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Pope Francis says being homosexual 'isn't a crime'


Pope Francis says homosexuality is not a crime. He made the statement in an interview with the Associated Press, adding that legislation that criminalizes same-sex relationships is, quote, "unjust." And he told the AP in these words, we are all children of God. And God loves us as we are, as he asked Catholic bishops to welcome LGBTQ people into the church. Joining us on Skype now to discuss is Father James Martin. He's a Jesuit priest and editor at large of America Magazine. His LGBT ministry is the subject of his book, "Building A Bridge." Good morning.

JAMES MARTIN: Good morning.

FADEL: So I'd love to just hear what you were thinking when you heard these remarks from the pope.

MARTIN: Well, I was delighted. It's something that many people have been encouraging him to say and encouraging the Vatican to say. And I think it'll certainly save lives. I think, in something like 67 countries, it's still a criminal offense - that is same-sex relations. And in 10 countries, it's a capital offense that can be punishable by death. And so I think his words will save lives.

FADEL: Now, the pope, though, isn't changing church policy here, right? I mean, he's still calling homosexuality a sin. So how does he and the Catholic Church distinguish between sin and public policy or laws?

MARTIN: Well, I think, first of all, it's important to say that when he was saying being homosexual is a sin, he was kind of repeating what others might say in Catholic teaching. Simply being a homosexual is not a sin. As he said, we're all children of God. He's not changed any church doctrine. And I think one of the wonderful things about this statement is that it doesn't challenge any church teaching. But it really affirms church teaching that we should treat LGBTQ people with respect, compassion and sensitivity. And, frankly, it's a very pro-life move because it is defending the lives of, you know, persecuted LGBTQ people worldwide.

FADEL: Now, the pope attributed - he said that the church needs to work to end these types of laws. And he attributed the support of bishops to these laws to the cultural background. They need to go through what he called a process of conversion. How does that practically work when this is so deeply rooted in culture and history?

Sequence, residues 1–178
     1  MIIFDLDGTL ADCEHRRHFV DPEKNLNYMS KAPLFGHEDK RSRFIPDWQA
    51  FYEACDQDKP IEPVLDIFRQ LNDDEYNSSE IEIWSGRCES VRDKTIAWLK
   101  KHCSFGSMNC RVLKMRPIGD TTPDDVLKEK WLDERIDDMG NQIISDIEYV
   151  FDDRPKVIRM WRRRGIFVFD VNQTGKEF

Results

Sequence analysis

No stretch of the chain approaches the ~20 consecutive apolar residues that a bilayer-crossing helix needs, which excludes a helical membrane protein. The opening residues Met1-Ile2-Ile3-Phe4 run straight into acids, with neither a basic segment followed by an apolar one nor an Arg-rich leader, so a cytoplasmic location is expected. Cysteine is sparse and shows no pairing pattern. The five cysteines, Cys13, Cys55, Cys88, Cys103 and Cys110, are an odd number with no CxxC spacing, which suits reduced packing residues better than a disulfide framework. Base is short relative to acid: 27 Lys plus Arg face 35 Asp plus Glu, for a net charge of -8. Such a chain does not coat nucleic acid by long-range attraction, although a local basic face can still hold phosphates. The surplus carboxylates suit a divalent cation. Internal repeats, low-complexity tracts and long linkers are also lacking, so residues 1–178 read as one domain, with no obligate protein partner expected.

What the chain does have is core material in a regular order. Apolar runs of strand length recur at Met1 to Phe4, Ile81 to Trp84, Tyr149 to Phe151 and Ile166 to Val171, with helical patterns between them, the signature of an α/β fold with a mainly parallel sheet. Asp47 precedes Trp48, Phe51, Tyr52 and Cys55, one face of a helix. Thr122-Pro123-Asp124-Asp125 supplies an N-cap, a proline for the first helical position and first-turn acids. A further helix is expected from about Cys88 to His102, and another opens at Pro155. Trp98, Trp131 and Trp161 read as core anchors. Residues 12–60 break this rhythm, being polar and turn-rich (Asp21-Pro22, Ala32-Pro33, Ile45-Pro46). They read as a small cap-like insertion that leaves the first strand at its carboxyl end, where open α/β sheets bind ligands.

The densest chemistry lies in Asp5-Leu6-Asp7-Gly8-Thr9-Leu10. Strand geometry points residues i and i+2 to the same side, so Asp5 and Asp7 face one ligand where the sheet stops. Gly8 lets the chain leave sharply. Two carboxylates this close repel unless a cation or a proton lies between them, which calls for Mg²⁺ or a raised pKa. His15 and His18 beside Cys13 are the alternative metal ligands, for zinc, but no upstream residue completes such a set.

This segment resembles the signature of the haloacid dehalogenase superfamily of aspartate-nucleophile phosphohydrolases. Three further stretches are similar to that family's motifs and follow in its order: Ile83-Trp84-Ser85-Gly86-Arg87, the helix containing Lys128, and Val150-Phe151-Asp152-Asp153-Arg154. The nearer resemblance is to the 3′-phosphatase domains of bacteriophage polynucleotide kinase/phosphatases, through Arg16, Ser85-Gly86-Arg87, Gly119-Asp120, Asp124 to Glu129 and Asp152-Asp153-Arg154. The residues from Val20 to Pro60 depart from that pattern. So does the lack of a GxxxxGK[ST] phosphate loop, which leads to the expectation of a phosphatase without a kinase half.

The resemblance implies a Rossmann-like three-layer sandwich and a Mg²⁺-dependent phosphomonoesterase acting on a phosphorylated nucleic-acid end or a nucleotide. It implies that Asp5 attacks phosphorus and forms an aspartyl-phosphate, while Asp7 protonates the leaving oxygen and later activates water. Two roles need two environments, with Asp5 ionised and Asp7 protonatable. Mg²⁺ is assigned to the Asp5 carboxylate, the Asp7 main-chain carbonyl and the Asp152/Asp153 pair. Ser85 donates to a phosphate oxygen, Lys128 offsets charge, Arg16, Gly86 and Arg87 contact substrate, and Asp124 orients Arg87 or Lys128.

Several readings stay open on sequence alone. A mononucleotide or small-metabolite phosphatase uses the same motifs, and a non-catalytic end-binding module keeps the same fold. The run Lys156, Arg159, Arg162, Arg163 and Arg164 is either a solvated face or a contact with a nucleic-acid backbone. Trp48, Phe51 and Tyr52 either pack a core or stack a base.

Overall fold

MARTIN: Well, that's a huge call. For example, the bishops of Ghana have actually supported laws that criminalize homosexuality. And really, you know, what might seem bland to us in the West, as you point out, in places like sub-Saharan Africa or Eastern Europe are really going to be challenging. So I think the bishops in these countries are going to have to do some soul-searching as a result of this interview today.

FADEL: Now, you mentioned Ghana. But more than a dozen states in the U.S. still have anti-sodomy laws on the books. There are - and you mentioned these dozens of countries where laws may carry the death penalty. So how realistic is it that the pope's remarks influence these large Catholic populations and change policy?

MARTIN: Well, I think it's going to change - I would hope it would change what some people think, you know, on the ground, in the pews. But really, when it comes to decision-makers and people who set policy for the Catholic Church - that is the bishops and bishops conferences - they're going to have to pay attention to this. It's going to be much harder for them, for example, to side with these repressive laws. He could not have been any clearer in his statement today to AP.

FADEL: Does this bring the church any closer to welcoming and acknowledging members of the LGBTQ community as practicing Catholic who can receive sacraments, like marriage?

MARTIN: Well, I don't - he's not talking about marriage here. But I think it does make people feel more welcome. You know, Pope Francis, you know, often teaches with words, as he does today, but also in gestures, you know, meeting LGBTQ people. On the website Outreach, we noted that he meets with transgender people almost monthly. And so these things do help people feel more welcome in, really, what is, after all, their church, too.

FADEL: Now, the timing of these statements - does Pope Francis feel any freer to move in a different direction since the death of Pope Benedict, who was regarded as a much more - as much more conservative?

MARTIN: That's a great question. I'm not sure about that. I think he's always been his own person. I think it's probably even more significant the timing comes between - you know, before his trip to South Sudan, you know? And as you know, in many parts of Africa, these laws are still there. So I'm not sure about the timing. And I'm really not sure about whether or not he feels any freer after Pope Benedict's death.

FADEL: Now, you mentioned - we talked about the church's stance. Do you think this is the start of more to come on policy when it comes to LGBTQ people?

MARTIN: Well, I hope so. There are certain things that the Vatican can do without changing any church teaching. This is one of them that many advocates have been pointing to. The other one would be, for example, opposing conversion therapy and then finally coming out even - more strongly against violence against LGBTQ people.

FADEL: Father James Martin, editor at large of the Jesuit magazine America. Thank you so much for your time.

MARTIN: My pleasure. Transcript provided by NPR, Copyright NPR.

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